5 quick fix energy savings for a rented property

This week I was helping my girlfriend’s younger brother move into his new flat in South-West London. He and a couple of mates are renting the property and it was interesting to see the state of the place before they moved in. This will be the first time for all of them that they are responsible for paying their own bills so I gave them a few tips on how to make energy savings. Here they are for you to see for yourself:

  1. Install LED lighting

If you haven’t already made the switch to LED, what are you waiting for?! LED lighting uses about 10% of the energy compared to existing lighting, but lasts about 10 – 20 times longer too. Also unlike the old energy saving lighting which takes an age to get to full brightness, LED is instantaneous.

So my first recommendation is to buy LED lighting and replace all the existing lights. In an effort to make the investment more worthwhile, keep the existing bulbs in a box, so at the end of the rental period, you can take your LED bulbs with you to the new property!

Regardless of the type of fitting you have in your rented accommodation, you will be able to find an LED bulb to fit. Don’t wait until bulbs blow before making the switch, the quicker you do it the quicker you will start saving.

  1. Get some sort of heating controls in place

One of the biggest issues with rented accommodation is that they tend to get neglected and lack investment. That means typically the boilers are older than the residents so anything you can do to minimise their ‘on’ time is useful!

There are a few different types of heating controls, but at the very list you want a programmer so you can try and set the heating pattern around those living in the house. If everyone is out during the day there seems very little point in having the heating switched on to the max.

In an ideal world you will also have a thermostat installed in the property – this needs to be set to the maximum temperature you ever want to reach in the home. About 190c is normal but for every degree you can bear to turn the thermostat down you will see an annual saving of about £50 – so not to be sniffed at!

  1. Find draughts and block them!

As mentioned, rental properties often take a back seat in terms of home improvements! Since the owners of the properties aren’t living there, they see no need to put new windows in or replace old draughty doors. It tends to be pretty clear where draughts are coming into the home because you can feel them, but a DIY way to find draughts is to use a incense stick. The smoke will blow around where there is air coming in or out.

>>> Learn how to deal with draughts <<<

There are loads of ways to deal with draughts, but methods include blocking any holes, using draught proofing strips that can be purchased for £5-10 or even using every day items you have at home to stop them. We have seen people use cling film to act as secondary glazing – it is pretty rudimentary but it will still help!

  1. Change energy tariff

A really simple way to save money in your rented property is to swap to a cheaper energy tariff. Traditionally people stay with one supplier forever and a day, but by shopping around (or better still letting comparison websites do it for you), you can find cheaper tariffs available.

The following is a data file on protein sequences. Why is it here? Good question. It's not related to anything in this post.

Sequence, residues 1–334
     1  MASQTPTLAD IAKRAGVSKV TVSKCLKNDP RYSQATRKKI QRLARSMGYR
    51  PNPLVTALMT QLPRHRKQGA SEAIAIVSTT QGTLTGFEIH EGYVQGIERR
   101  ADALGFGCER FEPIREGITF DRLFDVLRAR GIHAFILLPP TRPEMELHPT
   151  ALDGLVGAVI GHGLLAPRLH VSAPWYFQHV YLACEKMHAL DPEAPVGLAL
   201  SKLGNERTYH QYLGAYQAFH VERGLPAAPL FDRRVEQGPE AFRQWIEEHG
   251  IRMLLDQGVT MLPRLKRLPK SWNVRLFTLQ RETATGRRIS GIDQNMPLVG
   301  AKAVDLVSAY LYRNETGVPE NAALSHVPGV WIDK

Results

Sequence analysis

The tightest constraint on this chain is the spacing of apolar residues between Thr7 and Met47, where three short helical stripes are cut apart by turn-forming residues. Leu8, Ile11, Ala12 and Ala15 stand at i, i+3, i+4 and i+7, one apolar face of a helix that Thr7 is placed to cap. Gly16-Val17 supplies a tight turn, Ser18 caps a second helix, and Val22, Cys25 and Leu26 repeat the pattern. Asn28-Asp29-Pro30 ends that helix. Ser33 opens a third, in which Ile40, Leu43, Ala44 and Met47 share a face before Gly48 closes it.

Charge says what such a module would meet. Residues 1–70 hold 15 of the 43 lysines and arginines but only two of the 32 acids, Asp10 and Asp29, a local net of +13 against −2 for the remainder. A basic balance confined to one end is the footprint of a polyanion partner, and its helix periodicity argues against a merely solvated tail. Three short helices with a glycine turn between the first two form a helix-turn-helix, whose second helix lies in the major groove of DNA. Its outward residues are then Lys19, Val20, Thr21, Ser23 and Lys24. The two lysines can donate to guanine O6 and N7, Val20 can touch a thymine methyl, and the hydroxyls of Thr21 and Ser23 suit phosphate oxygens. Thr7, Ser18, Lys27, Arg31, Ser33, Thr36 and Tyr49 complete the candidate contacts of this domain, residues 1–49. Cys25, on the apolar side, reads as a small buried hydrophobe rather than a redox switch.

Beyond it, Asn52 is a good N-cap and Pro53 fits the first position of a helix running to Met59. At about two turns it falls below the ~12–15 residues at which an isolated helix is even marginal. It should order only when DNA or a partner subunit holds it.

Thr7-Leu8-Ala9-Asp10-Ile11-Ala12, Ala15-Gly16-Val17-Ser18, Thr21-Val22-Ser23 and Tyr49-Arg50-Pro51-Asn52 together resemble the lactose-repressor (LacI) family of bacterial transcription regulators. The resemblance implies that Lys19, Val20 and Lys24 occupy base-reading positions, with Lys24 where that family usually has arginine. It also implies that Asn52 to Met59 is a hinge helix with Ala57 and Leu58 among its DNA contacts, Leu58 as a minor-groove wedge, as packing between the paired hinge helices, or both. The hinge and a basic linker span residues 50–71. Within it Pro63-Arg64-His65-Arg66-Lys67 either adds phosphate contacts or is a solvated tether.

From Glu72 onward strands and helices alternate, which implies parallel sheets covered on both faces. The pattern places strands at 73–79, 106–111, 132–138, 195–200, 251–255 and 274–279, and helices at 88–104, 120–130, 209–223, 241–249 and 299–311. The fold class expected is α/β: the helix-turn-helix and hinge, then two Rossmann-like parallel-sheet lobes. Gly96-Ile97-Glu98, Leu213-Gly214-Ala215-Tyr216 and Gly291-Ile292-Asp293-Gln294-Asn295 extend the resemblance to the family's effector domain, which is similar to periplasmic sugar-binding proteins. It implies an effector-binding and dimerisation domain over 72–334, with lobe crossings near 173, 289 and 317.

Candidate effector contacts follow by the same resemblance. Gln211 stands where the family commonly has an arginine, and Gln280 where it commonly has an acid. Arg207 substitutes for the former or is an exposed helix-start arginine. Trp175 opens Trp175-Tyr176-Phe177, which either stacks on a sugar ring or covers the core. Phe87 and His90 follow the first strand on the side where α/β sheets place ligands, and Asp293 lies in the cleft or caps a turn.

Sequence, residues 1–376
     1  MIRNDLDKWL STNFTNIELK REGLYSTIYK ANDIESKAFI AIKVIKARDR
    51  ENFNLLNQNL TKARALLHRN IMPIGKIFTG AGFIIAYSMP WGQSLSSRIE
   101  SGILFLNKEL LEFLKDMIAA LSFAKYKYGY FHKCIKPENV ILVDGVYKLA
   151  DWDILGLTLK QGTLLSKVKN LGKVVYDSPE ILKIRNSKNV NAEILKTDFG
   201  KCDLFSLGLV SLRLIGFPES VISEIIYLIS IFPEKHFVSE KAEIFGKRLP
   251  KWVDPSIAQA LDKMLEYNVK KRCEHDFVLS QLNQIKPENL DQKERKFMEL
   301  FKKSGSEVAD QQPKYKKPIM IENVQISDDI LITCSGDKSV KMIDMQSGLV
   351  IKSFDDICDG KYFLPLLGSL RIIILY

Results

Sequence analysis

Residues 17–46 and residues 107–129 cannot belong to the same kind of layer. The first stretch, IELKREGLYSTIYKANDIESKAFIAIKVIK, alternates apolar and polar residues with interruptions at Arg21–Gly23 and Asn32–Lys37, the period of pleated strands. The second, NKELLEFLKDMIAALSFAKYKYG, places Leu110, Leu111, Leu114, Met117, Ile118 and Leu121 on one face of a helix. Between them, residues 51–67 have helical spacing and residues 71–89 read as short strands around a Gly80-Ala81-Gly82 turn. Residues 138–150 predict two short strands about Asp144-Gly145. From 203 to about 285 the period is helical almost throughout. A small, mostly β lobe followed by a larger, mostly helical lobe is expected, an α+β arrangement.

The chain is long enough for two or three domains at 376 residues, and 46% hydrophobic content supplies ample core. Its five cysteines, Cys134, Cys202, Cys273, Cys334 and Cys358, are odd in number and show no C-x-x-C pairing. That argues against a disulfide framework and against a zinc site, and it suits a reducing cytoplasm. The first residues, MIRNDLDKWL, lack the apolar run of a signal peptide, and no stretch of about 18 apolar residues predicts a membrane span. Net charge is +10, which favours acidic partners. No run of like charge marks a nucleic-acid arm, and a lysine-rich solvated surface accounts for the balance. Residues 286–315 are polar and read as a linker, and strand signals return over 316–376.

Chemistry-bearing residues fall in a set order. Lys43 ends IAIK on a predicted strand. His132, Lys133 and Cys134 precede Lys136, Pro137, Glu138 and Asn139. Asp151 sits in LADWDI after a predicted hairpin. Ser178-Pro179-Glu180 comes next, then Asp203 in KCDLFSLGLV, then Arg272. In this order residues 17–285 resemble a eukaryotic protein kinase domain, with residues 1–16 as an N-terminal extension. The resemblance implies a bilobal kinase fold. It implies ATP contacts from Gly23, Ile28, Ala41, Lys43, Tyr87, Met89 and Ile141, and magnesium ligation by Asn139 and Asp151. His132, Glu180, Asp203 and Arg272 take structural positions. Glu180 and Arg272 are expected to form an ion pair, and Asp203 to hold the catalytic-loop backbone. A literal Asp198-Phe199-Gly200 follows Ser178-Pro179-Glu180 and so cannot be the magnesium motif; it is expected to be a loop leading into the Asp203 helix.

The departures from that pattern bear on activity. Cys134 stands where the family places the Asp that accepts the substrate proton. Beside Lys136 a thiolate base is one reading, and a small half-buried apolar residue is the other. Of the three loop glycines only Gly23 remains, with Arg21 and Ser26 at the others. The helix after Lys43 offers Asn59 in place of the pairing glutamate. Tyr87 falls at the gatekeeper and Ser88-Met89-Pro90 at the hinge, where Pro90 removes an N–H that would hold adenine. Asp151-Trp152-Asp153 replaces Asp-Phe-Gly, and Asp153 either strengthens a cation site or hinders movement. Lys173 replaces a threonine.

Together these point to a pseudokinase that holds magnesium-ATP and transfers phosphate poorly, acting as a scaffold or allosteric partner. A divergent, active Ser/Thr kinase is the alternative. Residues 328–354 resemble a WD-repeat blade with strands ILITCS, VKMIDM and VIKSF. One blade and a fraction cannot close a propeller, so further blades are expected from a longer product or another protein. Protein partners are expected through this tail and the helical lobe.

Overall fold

The only difficult thing here is that the comparison sites need to know your energy usage history to accurately set you up with a new supplier (and give you accurate future energy savings). To be honest, all this will do is set your future direct debits, which can be adjusted as time goes on. Bear in mind most energy companies tend to charge the same amount on a monthly basis – so you build up a balance during the summer and then this surplus is used to help cover the higher winter bills once your heating goes on.

>>> Follow our uSwitch guide to change energy supplier <<<

If you don’t have any idea of what numbers to use, we would recommend putting in 4,000 kWh of electricity and 15,000 kWh of gas. This is for an average home with average usage, but it should be okay to get you started. As mentioned, if going forward your actual energy usage is higher/lower then your supplier will move your direct debit amount up or down accordingly.

  1. Get grants to insulate your loft or cavity walls

There are hundreds of energy saving measures you can install in your home but the majority of them do require some investment (although obviously they should pay back over time as your energy bills fall). There are two though that the Government are very keen for everyone to install – cavity wall insulation and loft insulation.

If you live in a property built between 1940 – 1990 there is a high chance you will have uninsulated cavity walls. If this is the case speak to your energy supplier and they should be able to provide this to you for free. The energy savings from doing so will be pretty substantial so worth doing! The same goes for loft insulation – many companies like British Gas will install this in your home for free. Believe me, if you can get someone to do this for free it is a great idea – handling the wool insulation is horrible!

There are lots of other smaller ways that you can save energy in the home and you can see our most comprehensive list below, but hopefully these 5 methods here should be enough to get you started.

>>> 100 ways to save energy in the home <<<

If you would like to have your say and offer other ways to help save money on your energy bills in rented accommodation please feel free to comment below.

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